Philadelphia Restaurant Review: Hit-or-Miss Charm at Goat Hollow

Great beer, good mussels and one very honest waiter can make even a marginal restaurant seem better. Even if everything isn’t where it ought to be.

The bar at Goat Hollow restaurant in New Jersey, photographer Courtney Apple. Review in Philadelphia magazine.

There are honest waiters, there are fatally honest waiters, and then there’s the guy who asked if we wanted dessert at Goat Hollow.

“We have chocolate mousse, an apple crisp, bread pudding and crème brûlée,” he said on a busy Sunday night at Mount Airy’s fledgling brasserie.


“Oh!” one of us replied, face brightening. “What kind of bread pudding is it?” Because they’re always fancied up somehow these days, aren’t they? Chocolate brioche, banana bourbon, Nutella cinnamon challah … You never know how many adjectives a chef is going to try to cram in there.

Our man locked into eye contact. “Plain bread pudding,” he deadpanned.

We laughed. “You make it sound so tantalizing!”

“To tell you the truth, I don’t think any of the desserts are where they ought to be,” he replied.

Not everything is at Goat Hollow, but that’s fine. This warm and unassuming spot has enough going for it to balance out its middling ambitions and occasional flops. After all, there’s a time for fennel-pollen mortadella and vinegar-shrub cocktails, and there’s a time for a solid bowl of mussels, a top-notch beer list, and a heaping $6 kid’s plate of orecchiette bolognese. Because above all, a neighborhood spot should know how to take care of the neighbors, and Neil Campbell’s second restaurant (after Old City’s Race Street Cafe) has the knack.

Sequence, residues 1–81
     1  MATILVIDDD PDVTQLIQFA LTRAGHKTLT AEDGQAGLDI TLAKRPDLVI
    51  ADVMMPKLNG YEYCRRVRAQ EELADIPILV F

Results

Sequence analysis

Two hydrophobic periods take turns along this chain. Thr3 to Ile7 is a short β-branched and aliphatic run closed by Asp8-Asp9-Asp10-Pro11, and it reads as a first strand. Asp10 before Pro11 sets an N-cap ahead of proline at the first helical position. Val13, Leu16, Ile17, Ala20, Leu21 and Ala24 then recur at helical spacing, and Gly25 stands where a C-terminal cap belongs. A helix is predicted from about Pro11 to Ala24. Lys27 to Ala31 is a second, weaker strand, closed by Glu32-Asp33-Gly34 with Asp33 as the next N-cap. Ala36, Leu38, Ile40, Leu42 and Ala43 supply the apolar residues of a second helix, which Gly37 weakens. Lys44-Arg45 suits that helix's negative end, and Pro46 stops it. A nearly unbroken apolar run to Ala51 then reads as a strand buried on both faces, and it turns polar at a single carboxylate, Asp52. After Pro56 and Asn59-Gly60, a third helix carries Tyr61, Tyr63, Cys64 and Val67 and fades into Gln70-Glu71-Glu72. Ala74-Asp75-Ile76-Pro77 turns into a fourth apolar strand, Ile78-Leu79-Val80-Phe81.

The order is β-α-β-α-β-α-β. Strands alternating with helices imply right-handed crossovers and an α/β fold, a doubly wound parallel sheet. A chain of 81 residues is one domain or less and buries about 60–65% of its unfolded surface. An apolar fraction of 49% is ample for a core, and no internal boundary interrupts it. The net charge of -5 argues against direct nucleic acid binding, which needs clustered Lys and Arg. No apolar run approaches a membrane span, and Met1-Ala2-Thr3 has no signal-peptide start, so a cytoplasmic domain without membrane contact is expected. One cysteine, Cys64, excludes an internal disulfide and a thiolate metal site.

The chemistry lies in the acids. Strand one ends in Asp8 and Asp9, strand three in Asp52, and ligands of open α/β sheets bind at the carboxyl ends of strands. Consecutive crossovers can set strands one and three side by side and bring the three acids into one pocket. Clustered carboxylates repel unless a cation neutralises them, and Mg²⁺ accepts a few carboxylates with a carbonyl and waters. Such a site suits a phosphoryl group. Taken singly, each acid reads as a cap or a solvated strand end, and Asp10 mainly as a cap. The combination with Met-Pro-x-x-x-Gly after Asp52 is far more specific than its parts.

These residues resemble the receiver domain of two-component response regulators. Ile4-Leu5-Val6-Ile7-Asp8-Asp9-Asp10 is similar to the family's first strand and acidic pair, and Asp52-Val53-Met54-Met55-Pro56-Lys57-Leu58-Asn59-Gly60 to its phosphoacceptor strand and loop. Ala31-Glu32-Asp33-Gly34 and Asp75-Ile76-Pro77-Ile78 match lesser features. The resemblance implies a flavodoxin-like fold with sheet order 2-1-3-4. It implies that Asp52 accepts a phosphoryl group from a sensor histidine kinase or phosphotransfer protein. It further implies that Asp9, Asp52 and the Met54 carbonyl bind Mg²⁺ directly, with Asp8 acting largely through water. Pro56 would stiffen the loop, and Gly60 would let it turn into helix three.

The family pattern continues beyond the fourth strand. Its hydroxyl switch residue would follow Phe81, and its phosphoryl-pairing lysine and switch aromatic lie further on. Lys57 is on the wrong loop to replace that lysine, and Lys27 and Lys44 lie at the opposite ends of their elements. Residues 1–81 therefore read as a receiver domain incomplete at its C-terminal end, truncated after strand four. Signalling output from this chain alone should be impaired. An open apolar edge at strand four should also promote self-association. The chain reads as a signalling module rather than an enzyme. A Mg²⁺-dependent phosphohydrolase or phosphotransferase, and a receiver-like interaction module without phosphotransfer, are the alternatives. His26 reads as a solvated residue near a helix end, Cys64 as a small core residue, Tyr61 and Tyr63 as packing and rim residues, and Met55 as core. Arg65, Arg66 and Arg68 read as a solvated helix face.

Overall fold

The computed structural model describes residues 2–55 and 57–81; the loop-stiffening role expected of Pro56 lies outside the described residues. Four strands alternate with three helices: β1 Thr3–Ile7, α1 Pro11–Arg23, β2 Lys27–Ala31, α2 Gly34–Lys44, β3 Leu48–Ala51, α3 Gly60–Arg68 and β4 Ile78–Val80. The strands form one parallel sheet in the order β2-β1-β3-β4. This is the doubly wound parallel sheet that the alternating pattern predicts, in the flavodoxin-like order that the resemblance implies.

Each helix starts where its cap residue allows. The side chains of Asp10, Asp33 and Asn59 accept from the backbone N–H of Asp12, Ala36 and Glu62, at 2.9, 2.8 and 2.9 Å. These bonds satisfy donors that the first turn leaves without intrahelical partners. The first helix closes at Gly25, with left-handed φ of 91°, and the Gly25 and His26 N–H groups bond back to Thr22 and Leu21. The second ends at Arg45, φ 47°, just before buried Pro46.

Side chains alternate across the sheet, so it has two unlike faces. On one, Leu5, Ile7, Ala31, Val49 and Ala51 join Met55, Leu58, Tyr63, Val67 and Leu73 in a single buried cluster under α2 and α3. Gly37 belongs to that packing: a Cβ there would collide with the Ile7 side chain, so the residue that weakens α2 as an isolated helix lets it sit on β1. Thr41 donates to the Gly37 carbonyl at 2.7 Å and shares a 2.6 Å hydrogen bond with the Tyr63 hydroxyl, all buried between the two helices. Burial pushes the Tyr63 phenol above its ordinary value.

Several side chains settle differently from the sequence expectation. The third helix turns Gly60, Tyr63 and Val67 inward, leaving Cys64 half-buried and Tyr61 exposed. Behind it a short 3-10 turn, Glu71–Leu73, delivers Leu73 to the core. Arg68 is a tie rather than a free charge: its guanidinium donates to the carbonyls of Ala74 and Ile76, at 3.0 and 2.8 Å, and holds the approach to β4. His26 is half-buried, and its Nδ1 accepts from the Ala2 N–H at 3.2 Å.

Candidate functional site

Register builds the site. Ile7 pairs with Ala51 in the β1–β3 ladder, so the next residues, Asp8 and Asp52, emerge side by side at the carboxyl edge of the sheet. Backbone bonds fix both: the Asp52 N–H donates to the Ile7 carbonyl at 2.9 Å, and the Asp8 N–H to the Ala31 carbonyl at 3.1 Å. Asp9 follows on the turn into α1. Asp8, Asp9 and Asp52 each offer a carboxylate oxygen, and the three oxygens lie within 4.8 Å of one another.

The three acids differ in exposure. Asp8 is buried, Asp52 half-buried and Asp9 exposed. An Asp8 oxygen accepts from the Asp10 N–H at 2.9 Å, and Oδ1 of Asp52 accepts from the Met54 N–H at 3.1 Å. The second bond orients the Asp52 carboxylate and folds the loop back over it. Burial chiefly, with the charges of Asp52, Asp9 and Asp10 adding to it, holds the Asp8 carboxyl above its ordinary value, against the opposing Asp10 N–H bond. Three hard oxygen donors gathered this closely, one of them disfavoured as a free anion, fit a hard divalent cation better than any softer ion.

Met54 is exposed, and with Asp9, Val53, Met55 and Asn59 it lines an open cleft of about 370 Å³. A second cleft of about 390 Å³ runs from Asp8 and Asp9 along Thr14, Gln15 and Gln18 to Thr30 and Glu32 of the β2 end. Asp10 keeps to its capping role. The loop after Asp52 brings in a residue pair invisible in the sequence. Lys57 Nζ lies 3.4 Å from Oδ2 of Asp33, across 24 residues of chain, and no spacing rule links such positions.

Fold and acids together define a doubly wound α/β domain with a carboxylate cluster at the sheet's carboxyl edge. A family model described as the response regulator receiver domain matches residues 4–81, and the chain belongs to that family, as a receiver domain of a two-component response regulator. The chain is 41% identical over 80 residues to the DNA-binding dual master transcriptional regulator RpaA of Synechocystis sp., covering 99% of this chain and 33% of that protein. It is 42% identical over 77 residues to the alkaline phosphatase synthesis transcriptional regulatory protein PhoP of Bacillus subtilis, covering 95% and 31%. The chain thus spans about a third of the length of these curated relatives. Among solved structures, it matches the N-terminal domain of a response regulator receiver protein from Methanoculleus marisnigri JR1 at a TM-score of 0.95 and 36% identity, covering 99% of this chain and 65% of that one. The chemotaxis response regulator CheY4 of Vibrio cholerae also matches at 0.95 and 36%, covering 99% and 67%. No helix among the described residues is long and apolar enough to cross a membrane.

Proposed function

Chef Adam Glickman’s mussels are everything you’d expect from a man who spent nine years at Monk’s Café: plump, alcoholic and profusely seasoned. And these are all good things—especially in a version punctuated by what had to be a money-losing heap of house-cured tasso ham (which soaked up the shellfish liquor to become faintly reminiscent, not at all unpleasantly, of wet-smoked salmon). Glickman declined to rip off Monk’s bourbon mayo for his frites, but his own spicy rémoulade is a worthy approximation.

The rest of the food is hit-and-miss. Hickory and applewood perfumed a compelling cold-smoked rib eye, but the potato gratin on its (and other entrées’) side was grossly overdosed with cheese. Burgers had all the right components—short rib, filet tails, rib eye—but tended to be overcooked. Moist fried chicken, crusted with a batter that was more dry than crispy, was mostly remarkable for featuring a manly four pieces; portions here verge on the tremendous. But there were delightful surprises, too, like subtly gingered pickled pork belly pot stickers, and a gamy boar terrine with pistachios.

I found no good rule of thumb to guide anyone through Goat Hollow’s uneven terrain—but that’s nothing an honest waiter can’t fix. Ours proved valiant, delivering a just-passable apple crisp with an Everest of ice cream on the side that made it impossible not to smile.